Milwaukee Bucks: The Bucks’ offense needs more screens

TORONTO, ON - APRIL 18: Giannis Antetokounmpo
TORONTO, ON - APRIL 18: Giannis Antetokounmpo /

The Milwaukee Bucks’ offense could take some steps in the right direction if the team sets some more screens next season.

The Milwaukee Bucks had a pretty good offense in the 2016-17 regular season. The Bucks scored 106.9 points per 100 possessions, good enough for 13th in the NBA. Milwaukee’s offense needed to be good, considering the Bucks had a bottom-half defense last season.

The defense is an issue, and one that will need to be solved, but that doesn’t mean Milwaukee shouldn’t try to get better on the other end too. The Bucks need to get better on that end, and they can without much trouble, honestly.

Milwaukee’s offense tends to be basic. Prehistoric, even, compared to other teams in the NBA. It’s generally good to do things like the Golden State Warriors, who are in position to solidify one of the NBA’s most impressive dynasties ever.

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The Warriors, for example, hardly ever run isolation plays with their offensive possessions, even though the team has deadly scorers like Kevin Durant and Stephen Curry. The Dubs are one of the best teams at isolation scoring, but since they’re even more efficient at other ways of getting buckets they choose not to go that route.

The Bucks, on the other hand, were the worst team in the NBA in terms of isolation efficiency. Milwaukee ran over 100 more isolations than the Warriors did last season. That’s a failure on the Bucks’ part, there’s no other way to honestly put it.

Those are wasted possessions, which can’t happen often on a team that doesn’t outscore its opponents by wide margins on average.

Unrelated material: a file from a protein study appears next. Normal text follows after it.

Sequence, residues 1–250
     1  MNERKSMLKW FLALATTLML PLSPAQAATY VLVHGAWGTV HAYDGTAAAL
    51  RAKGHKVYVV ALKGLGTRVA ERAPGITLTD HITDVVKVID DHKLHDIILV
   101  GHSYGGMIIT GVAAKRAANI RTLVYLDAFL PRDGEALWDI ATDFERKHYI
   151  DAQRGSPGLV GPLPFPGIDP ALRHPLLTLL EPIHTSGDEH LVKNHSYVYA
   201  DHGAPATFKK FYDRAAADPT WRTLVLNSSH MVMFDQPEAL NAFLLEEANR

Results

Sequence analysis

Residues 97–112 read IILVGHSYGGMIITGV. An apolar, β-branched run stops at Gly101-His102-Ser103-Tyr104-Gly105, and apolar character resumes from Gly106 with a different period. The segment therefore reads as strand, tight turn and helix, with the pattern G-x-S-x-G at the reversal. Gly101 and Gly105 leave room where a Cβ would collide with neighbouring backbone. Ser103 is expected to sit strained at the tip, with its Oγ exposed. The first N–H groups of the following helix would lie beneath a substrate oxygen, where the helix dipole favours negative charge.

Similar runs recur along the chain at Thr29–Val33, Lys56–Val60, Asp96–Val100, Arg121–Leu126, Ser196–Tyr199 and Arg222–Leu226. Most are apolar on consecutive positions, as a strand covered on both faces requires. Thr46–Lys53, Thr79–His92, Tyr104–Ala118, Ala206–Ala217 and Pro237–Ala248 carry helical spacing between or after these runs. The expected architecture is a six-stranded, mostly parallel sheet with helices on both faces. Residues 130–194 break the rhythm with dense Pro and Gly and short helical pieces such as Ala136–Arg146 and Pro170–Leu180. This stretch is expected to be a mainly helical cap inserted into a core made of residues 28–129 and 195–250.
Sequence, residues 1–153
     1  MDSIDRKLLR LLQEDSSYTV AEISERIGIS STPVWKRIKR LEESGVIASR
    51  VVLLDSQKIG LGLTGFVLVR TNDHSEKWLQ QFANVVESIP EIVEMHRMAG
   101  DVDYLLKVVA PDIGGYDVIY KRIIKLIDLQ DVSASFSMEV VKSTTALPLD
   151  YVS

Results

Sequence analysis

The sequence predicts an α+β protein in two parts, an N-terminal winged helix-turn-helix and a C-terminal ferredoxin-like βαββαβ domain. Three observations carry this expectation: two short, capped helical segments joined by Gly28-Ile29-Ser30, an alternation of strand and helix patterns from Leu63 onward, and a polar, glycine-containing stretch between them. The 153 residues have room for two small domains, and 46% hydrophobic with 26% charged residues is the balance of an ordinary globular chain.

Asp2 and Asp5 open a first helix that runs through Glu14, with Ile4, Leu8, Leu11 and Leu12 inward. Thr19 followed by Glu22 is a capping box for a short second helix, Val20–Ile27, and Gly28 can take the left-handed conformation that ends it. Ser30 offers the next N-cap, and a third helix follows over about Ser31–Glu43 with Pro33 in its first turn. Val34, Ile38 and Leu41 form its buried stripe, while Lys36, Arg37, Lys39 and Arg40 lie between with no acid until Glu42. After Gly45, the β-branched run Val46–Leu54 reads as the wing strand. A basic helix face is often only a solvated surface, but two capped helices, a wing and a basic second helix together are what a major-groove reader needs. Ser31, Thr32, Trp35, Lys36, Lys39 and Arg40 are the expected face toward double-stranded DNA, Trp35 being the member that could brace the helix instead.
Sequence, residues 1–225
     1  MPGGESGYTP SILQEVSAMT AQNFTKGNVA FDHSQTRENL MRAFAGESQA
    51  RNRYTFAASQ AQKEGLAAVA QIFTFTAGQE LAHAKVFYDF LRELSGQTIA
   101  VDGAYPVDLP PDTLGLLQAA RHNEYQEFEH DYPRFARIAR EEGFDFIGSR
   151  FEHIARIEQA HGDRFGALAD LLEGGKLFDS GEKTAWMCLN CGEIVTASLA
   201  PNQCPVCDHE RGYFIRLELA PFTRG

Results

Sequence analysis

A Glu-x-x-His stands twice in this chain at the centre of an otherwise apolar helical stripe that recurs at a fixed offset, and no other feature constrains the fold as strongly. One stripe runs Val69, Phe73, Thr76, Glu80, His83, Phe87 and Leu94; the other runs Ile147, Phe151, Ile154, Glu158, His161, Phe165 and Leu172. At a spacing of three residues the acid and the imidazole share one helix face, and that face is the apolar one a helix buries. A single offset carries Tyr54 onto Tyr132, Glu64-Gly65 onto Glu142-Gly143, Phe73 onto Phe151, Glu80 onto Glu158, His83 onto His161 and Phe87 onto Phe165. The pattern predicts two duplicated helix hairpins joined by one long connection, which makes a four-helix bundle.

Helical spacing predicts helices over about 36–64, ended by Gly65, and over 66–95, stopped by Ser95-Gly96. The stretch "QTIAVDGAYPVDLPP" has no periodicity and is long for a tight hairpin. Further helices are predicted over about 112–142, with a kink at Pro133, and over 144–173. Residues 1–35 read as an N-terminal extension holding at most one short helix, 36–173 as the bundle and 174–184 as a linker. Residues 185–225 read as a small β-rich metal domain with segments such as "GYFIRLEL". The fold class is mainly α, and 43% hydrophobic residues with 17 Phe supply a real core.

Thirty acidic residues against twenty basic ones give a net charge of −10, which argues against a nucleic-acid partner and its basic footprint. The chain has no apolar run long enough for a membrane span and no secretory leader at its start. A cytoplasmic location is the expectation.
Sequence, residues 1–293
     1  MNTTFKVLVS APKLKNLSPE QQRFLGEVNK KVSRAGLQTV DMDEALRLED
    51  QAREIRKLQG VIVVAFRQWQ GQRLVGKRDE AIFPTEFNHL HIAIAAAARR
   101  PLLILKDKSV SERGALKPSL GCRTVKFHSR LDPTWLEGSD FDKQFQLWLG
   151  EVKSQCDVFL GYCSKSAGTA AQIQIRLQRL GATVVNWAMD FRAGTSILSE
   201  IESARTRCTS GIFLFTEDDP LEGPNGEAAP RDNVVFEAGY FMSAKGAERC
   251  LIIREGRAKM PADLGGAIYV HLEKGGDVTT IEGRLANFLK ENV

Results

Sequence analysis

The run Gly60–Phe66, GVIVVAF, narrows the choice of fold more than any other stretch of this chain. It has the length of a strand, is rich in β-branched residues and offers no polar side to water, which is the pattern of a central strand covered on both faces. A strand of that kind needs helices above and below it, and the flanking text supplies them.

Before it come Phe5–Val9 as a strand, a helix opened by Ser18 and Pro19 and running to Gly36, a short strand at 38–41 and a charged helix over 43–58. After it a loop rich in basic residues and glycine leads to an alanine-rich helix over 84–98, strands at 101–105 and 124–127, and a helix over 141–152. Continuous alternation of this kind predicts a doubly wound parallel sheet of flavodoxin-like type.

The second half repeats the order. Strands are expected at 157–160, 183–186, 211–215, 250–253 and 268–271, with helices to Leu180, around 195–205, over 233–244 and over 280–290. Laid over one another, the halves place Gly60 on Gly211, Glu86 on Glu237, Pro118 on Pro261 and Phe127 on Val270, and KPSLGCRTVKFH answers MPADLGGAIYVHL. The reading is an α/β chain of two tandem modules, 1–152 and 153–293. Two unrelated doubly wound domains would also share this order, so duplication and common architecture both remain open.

Back to the Warriors, then. What the Dubs do more than any other team is run players off of screens. Over 13 percent of Golden State’s offense came off screens, which represents 400 more plays off screens than the second-closest team.

The Warriors scored 1.04 points per possession on those plays, far and away better than the 0.94 points per possession they managed in isolation. The Bucks, for their part, averaged 0.94 points per possession coming off of screens and a ghastly 0.74 points per possession in isolation.

Even though the team was obviously better in plays involving a screen and some movement on offense, the Bucks ran nearly 300 more isolation plays than plays coming off of screens. Milwaukee ranked second-to-last in terms of screen assists per game last season.

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The Warriors, of course, were near the top of the NBA, with only the extremely well-coached Charlotte Hornets recording more screen assists per game. This is not rocket science, or even the NBA equivalent of rocket science. It’s obvious. It’s hard for defenses to handle ball screens, or at least harder than it is for defenders to stand next to their cover while someone is dribbling somewhere else.

The Bucks are ironically a perfect team to set lots of screens. Giannis Antetokounmpo being able to both handle the ball and play like a big man makes him an impossible matchup for either a small guard or a slow-footed big man.

That means a point guard having Giannis set a screen could force a switch that puts a player nearly a foot shorter on him, or Giannis having a center set a screen could get a plodding center on him. In either situation, Giannis clearly has the advantage.

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That’s assuming the screen doesn’t open up an easy shot or a path to the rim that results in instant offense, too. Screens are good. The Milwaukee Bucks should set some more of them next season, and throw as many unfit defenders as possible into the torture chamber of trying to guard Giannis.